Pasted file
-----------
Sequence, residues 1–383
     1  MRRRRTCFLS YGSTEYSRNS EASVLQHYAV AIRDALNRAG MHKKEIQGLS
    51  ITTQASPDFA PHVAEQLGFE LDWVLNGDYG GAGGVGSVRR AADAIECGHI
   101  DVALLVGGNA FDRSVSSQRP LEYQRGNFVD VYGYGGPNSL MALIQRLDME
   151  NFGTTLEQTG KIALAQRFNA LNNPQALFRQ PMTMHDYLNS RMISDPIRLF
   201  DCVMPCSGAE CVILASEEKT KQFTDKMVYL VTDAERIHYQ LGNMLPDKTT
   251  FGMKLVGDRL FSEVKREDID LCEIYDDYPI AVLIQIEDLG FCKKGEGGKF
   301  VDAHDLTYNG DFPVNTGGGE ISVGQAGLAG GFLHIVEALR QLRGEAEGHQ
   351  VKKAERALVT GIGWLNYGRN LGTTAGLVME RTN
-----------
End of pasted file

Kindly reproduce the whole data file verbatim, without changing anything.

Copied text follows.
Sequence, residues 1–383
     1  MRRRRTCFLS YGSTEYSRNS EASVLQHYAV AIRDALNRAG MHKKEIQGLS
    51  ITTQASPDFA PHVAEQLGFE LDWVLNGDYG GAGGVGSVRR AADAIECGHI
   101  DVALLVGGNA FDRSVSSQRP LEYQRGNFVD VYGYGGPNSL MALIQRLDME
   151  NFGTTLEQTG KIALAQRFNA LNNPQALFRQ PMTMHDYLNS RMISDPIRLF
   201  DCVMPCSGAE CVILASEEKT KQFTDKMVYL VTDAERIHYQ LGNMLPDKTT
   251  FGMKLVGDRL FSEVKREDID LCEIYDDYPI AVLIQIEDLG FCKKGEGGKF
   301  VDAHDLTYNG DFPVNTGGGE ISVGQAGLAG GFLHIVEALR QLRGEAEGHQ
   351  VKKAERALVT GIGWLNYGRN LGTTAGLVME RTN